UCLA

From ALC I traveled to UCLA’s Graduate School of Education and Information Studies to give a talk to their Teacher Education Program and Principal Leadership Institute. A lively group of about 30 of us talked about what makes good schools, how the CES principles can help guide schools, and the struggles of each of us in sustaining good schools.

In this whirlwind tour of schools, talks, and intense conversations with committed educators, I came away grateful for the opportunity to learn from educators on the other side of the country. I reconnected with friends and re-charged myself to return to the work we are doing in Boston and beyond.

Coalition of Essential Schools Fall Forum

Last Saturday, a group of BAA students performed for the closing session of the CES Fall Forum in Providence, RI. These students created a unique performance piece combining music, visual arts, spoken word, theatre and digital media. Participants were Althea Bennett (VA), Ashleigh Brown-Fuller (vocal), Gary Gonzalez (theatre), Justin Hynes-Bruell (instrumental), Janibell Santana (theatre) and Daniel Whitelock (instrumental).

Their original interdisciplinary piece, Listen!, wrestles with the tension between the power of the young artist’s voice and adults’ tendency to put it on “mute” in order to fit a prescribed vision of who and how young people should be.  After the performance, students discussed the piece, their creative process and how it reflects their experience at Boston Arts Academy.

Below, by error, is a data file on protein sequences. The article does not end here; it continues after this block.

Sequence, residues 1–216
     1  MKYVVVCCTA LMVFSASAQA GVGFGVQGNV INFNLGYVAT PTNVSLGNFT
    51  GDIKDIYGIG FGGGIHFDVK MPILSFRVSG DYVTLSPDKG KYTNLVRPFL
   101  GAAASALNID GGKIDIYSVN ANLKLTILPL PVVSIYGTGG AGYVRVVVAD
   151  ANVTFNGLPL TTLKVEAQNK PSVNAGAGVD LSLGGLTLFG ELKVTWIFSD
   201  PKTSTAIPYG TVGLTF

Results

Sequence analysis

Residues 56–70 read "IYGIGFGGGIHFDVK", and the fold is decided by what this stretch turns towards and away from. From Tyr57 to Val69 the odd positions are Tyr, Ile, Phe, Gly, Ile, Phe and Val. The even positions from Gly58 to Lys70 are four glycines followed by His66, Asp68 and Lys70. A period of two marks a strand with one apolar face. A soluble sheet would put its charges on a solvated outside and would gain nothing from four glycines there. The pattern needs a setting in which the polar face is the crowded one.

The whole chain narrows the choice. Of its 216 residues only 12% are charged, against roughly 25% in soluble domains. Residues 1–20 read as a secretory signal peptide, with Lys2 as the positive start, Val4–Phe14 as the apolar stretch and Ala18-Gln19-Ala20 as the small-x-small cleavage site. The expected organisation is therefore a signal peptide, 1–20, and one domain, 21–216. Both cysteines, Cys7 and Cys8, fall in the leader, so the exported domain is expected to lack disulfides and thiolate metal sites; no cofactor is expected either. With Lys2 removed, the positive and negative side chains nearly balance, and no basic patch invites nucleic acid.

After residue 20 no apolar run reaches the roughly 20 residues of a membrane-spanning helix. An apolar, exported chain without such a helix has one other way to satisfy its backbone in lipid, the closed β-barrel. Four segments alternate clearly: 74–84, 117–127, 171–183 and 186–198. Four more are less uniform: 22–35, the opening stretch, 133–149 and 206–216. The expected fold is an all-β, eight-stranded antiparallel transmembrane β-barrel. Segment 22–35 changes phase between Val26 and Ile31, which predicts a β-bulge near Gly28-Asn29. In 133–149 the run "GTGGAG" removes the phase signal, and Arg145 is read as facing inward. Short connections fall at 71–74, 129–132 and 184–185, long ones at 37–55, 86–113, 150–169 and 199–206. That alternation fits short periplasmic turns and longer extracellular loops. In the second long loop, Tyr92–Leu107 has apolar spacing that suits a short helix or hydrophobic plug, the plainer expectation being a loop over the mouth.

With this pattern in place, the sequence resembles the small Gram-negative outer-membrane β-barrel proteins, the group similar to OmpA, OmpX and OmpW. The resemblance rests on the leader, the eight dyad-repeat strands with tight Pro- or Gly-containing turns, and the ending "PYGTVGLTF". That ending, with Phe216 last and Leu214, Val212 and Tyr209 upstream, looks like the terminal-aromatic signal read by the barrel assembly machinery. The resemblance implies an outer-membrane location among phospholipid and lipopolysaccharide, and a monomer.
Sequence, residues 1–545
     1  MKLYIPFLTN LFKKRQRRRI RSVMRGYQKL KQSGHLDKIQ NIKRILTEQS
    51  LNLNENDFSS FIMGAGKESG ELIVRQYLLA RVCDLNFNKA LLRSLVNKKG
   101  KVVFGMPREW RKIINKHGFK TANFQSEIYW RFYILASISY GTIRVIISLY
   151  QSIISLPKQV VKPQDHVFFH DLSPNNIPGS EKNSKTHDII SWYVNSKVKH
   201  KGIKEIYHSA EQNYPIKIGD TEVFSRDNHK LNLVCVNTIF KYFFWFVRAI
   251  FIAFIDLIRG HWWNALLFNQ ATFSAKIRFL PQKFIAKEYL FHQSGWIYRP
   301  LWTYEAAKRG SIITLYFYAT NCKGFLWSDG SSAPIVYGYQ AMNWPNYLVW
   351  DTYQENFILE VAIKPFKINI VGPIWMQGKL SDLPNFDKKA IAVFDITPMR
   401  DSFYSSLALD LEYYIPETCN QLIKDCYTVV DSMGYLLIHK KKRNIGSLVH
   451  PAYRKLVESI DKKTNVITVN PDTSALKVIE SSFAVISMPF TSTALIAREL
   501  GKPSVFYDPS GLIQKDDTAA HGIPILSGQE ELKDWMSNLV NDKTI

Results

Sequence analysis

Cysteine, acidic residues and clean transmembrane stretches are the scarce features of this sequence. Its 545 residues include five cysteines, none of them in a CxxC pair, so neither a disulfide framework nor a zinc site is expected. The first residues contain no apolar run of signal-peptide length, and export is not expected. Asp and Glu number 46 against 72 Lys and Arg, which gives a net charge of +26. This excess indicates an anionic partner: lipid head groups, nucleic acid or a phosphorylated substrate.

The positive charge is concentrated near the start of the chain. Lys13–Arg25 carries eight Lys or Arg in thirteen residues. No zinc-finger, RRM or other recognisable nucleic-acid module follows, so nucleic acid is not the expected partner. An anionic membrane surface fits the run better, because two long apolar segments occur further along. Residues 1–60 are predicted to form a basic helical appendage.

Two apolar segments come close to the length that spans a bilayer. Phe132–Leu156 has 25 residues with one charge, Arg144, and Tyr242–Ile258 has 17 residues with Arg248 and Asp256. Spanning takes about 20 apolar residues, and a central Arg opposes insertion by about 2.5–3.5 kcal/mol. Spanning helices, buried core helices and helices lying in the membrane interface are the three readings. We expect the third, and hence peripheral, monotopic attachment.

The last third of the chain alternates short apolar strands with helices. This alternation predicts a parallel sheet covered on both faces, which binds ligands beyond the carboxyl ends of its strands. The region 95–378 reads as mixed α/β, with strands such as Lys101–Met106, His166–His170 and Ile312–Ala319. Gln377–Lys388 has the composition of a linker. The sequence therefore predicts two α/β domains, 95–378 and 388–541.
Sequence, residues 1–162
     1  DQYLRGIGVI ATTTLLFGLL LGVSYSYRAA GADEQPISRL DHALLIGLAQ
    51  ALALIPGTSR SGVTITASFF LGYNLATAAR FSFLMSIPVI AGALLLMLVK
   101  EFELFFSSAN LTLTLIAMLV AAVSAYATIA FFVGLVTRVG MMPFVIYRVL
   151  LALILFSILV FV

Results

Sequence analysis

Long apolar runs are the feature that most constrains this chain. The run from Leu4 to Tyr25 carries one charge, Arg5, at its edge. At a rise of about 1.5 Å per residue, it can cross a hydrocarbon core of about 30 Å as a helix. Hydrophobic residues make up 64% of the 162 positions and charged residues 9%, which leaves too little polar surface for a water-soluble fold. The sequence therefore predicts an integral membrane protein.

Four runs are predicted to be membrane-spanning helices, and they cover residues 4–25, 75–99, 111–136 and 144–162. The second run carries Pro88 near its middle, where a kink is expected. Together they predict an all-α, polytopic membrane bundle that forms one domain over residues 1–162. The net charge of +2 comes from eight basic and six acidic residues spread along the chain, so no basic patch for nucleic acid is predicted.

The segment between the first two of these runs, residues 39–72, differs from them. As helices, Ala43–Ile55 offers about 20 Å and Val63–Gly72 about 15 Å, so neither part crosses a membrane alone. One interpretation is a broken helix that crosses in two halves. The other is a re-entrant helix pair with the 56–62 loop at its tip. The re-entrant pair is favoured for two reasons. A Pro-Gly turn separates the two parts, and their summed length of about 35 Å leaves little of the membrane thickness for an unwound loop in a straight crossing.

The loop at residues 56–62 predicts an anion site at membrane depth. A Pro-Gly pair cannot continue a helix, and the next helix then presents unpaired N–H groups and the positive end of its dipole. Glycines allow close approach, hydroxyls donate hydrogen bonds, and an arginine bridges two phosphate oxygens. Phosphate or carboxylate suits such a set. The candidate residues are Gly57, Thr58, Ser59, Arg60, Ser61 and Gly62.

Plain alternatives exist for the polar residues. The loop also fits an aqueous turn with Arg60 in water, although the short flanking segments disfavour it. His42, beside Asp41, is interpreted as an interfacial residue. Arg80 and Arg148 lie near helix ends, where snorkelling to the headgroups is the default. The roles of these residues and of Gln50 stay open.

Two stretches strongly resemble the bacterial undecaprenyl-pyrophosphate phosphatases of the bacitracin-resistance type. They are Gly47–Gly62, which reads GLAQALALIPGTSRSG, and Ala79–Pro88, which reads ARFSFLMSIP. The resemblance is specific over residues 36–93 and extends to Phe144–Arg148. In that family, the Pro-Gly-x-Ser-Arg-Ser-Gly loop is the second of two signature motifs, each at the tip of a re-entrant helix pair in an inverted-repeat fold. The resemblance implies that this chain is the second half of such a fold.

Our librarian, Debbie Froggatt, commented in her reflection on the session, “The power of student voice! Honest, thoughtful and commanding… Their artistic piece moved and provoked us to ponder how we are listening to our students. Are we really in conversation with them? Who are their authentic selves and what are their internal struggles?”

Our work is hard, but I always feel energized and inspired when when I see my students come alive through their art… I feel recommitted to making the world WORK better for these talented and thoughtful young voices!

Congratulations to CES on another powerful Fall Forum!

The CES Board: myself, Debbie Meier, Misha Lesley, Jill Davidson, and George Wood (missing: Nancy Gutierrez) giving Jill a gift for serving CES so well for so long as we hired a new director, Elizabeth Jardine

News from the Coalition of Essential Schools

Two exciting pieces of news from the Coalition of Essential Schools…

The first is that registration is now open for Fall Forum 2011! I cannot emphasize enough what an amazing professional development opportunity this is. A Boston Arts Academy team attends each each year and I highly encourage you to look into coming as well!